Forgiving the Man Who Killed My 3-Year-Old Son

This Mother's Day, I will go to church and spend time with my mother and my son, Calvin. Calvin and I will reflect on the fun times he had my other son, Casson Xavier "Biscuit" Evans, who was killed in a drive-by shooting when he was only 3 years old.
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This Mother's Day, I will go to church and spend time with my mother and my son, Calvin.

Calvin and I will reflect on the fun times he had my other son, Casson Xavier "Biscuit" Evans, who was killed in a drive-by shooting when he was only 3 years old. We will talk about how they interacted and what Casson would be doing if he were with us. We always conclude that, given the strength he demonstrated during his short life, Casson probably would have been in college with a full scholarship to play football.

And I will think about the man slated to spend the rest of his life in prison for Casson's death. He was a 14-year-old boy at the time of the crime. He recently asked if I will fill the role of mother in his life and I have agreed to do so.

Casson died on December 21, 1995. There had been shootings the night before in my niece's neighborhood in Denver and I had gone by to pick up her child. Casson was sleeping, so I left him and Calvin, who was 6, in the car with two older cousins -- one 17 and the other 22. I had been inside only briefly when I heard gunshots. Casson was shot in the crossfire. He was dead within minutes.

Three children were arrested and held responsible. Raymond and Paul were 14; the driver, Damien, was 15. Both Raymond and Paul were sentenced to life in prison without the possibility of parole.

Four years ago, Raymond sent me a Mother's Day card. That card included a letter in which Raymond apologized for what happened and asked me to take on a mother role in his life. It was years before I was able to respond to that most difficult request.

Nearly a year ago, Calvin and I met with Raymond, whom investigators concluded fired the shot that killed Casson. He is now 33. We were the first participants in the pilot restorative justice program at the Colorado Department of Corrections. Raymond had to demonstrate accountability for what happened, genuine remorse and a willingness to repair the harm that he has caused. For us, restoration could come only through him answering many of the questions that had haunted us for years.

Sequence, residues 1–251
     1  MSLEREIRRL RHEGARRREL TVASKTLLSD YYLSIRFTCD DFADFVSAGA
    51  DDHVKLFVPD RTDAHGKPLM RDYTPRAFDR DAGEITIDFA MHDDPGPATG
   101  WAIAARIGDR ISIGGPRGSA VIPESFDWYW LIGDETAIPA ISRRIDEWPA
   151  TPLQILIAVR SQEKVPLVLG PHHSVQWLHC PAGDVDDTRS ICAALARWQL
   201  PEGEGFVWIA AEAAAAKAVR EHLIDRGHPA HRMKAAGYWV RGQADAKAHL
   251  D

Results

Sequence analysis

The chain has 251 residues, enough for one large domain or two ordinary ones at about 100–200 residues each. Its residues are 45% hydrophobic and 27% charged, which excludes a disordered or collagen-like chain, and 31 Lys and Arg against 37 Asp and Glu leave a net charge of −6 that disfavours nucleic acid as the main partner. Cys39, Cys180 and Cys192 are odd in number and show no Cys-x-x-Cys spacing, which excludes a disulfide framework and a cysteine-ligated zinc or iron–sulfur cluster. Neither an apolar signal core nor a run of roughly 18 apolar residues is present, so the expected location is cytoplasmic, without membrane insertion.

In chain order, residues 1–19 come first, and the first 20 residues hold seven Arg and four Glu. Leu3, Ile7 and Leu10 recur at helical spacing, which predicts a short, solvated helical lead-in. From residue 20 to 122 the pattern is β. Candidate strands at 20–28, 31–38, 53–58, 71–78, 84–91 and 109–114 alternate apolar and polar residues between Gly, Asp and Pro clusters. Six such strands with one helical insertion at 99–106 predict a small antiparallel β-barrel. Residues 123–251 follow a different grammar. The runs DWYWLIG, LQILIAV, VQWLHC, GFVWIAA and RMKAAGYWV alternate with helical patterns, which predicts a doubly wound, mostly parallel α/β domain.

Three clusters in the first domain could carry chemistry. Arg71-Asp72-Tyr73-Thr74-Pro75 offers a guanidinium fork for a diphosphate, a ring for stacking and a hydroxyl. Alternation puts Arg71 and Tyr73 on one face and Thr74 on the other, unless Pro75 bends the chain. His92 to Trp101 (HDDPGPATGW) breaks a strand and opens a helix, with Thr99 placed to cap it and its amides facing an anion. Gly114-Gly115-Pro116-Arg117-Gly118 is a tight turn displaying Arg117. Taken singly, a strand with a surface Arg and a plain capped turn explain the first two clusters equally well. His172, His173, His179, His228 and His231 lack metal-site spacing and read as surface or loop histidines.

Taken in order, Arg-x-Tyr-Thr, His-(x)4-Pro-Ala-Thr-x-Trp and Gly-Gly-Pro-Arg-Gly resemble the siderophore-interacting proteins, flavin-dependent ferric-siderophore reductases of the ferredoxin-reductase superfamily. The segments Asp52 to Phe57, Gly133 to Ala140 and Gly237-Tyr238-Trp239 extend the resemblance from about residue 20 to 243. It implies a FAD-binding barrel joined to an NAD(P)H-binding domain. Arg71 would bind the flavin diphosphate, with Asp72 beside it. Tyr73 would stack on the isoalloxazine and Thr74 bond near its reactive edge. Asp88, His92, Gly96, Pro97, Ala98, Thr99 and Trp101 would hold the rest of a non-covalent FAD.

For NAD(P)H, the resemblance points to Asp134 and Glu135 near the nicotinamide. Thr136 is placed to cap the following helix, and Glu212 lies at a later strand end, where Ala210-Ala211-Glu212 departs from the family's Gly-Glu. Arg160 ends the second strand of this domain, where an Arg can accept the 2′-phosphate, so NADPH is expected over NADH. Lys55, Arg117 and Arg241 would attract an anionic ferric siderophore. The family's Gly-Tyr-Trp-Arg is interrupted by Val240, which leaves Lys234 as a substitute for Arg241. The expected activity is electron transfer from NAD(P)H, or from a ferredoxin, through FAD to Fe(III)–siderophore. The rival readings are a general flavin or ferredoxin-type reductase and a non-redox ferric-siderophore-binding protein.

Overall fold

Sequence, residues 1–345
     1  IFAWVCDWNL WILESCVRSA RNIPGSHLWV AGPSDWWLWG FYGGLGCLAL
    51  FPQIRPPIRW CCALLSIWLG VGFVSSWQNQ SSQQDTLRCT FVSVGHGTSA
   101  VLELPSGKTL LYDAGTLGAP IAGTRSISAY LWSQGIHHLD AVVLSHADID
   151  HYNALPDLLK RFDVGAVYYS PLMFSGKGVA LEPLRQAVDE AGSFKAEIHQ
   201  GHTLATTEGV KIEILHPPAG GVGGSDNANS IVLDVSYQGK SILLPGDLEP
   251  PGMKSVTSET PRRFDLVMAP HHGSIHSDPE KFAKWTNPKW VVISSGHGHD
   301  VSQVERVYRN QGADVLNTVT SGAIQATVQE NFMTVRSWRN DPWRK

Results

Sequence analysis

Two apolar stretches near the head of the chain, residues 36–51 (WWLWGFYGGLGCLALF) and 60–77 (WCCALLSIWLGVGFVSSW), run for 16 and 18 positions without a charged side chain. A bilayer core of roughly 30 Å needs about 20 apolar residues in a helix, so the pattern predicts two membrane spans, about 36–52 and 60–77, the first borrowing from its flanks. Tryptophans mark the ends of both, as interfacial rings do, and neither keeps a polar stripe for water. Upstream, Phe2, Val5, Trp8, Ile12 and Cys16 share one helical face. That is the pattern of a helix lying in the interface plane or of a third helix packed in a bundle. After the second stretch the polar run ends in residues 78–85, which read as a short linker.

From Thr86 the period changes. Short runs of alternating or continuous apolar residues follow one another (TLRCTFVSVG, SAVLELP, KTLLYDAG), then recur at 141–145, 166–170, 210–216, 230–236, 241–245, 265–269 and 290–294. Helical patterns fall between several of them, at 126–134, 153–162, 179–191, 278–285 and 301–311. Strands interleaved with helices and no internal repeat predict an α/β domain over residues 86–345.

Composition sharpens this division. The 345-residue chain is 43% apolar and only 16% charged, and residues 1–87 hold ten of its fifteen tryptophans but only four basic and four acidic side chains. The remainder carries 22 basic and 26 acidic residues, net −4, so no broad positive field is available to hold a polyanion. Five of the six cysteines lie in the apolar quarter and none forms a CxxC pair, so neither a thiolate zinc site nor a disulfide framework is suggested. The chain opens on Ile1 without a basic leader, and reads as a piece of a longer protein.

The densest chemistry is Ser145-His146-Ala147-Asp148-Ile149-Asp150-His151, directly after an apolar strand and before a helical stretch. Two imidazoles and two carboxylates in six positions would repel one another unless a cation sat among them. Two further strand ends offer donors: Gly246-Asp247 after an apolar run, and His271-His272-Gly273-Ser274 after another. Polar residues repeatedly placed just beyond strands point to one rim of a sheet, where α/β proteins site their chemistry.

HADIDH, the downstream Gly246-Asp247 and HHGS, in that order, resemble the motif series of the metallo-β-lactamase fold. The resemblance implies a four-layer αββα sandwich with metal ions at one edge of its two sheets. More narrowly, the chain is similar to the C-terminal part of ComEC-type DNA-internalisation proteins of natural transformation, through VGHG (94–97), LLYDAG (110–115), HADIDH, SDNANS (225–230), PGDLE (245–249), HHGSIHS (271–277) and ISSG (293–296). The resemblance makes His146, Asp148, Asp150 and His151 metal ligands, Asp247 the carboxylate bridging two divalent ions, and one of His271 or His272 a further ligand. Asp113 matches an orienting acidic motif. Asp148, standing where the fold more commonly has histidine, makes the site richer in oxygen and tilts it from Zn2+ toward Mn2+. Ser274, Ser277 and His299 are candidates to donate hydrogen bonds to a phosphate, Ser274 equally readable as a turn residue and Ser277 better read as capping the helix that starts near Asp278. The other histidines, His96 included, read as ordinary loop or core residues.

As we prepared to meet, I was enveloped in anxiety. I froze at the threshold to the room where we were to speak. Raymond immediately stood to his feet and dropped his head. I could tell that he both wanted to show his respect for me and demonstrate that he realized how much pain he had caused. That gave me the courage to walk into the room.

During the difficult, hours-long conversation, we talked about Casson, Raymond's difficult childhood, our lives and what happened on that day nearly two decades ago. And I told him that I had forgiven him. It was during that conversation that I agreed to take on the role he had requested of me. I am certain it is what Casson would want me to do for Raymond and others like him. I cannot replace his family, but my answer was and is yes, I will be his mother in whatever capacity I can. I have requested permission to revisit him for his accountability and because of our mutual commitment.

I believe that Raymond deserves an opportunity to be considered for release. He is no longer the naïve teen, struggling to escape from a negative situation and trying to fit in in the wrong place. He is a young man who has taken responsibility for the harm he caused. He also has been rehabilitated. I think he is prepared to make a positive contribution to our community.

Although I initially supported the extreme sentences imposed on these young people, my perspective has changed dramatically in the years since. I am now committed to seeing our juvenile sentencing laws reformed. I have come to understand that because their brains are still developing, children are not as able as adults to assess risks and consider the long-term consequences of their actions. This can sometimes lead them to engage in behaviors that cause significant harm. And when children have been raised in situations that are less than ideal, the situation is compounded.

Colorado no longer sentences children to life in prison without parole. But children who were sentenced to die in prison before the law changed in 2006 were not included in the revised law. I don't think this punishment is appropriate in Colorado or anywhere else.

We can never bring back the lives that have been taken, and the young people responsible for these deaths must be held accountable. But we must balance the desire for retribution with our country's commitment to children. We must assure that even children who cause serious harm have an opportunity to demonstrate that they have changed and can be reintegrated into society.

This Mother's Day, I am focused on impacting the laws that fail to allow for a second chance for young people. I ask you to join with me. We must do it on behalf of Casson, Raymond and all of our children.

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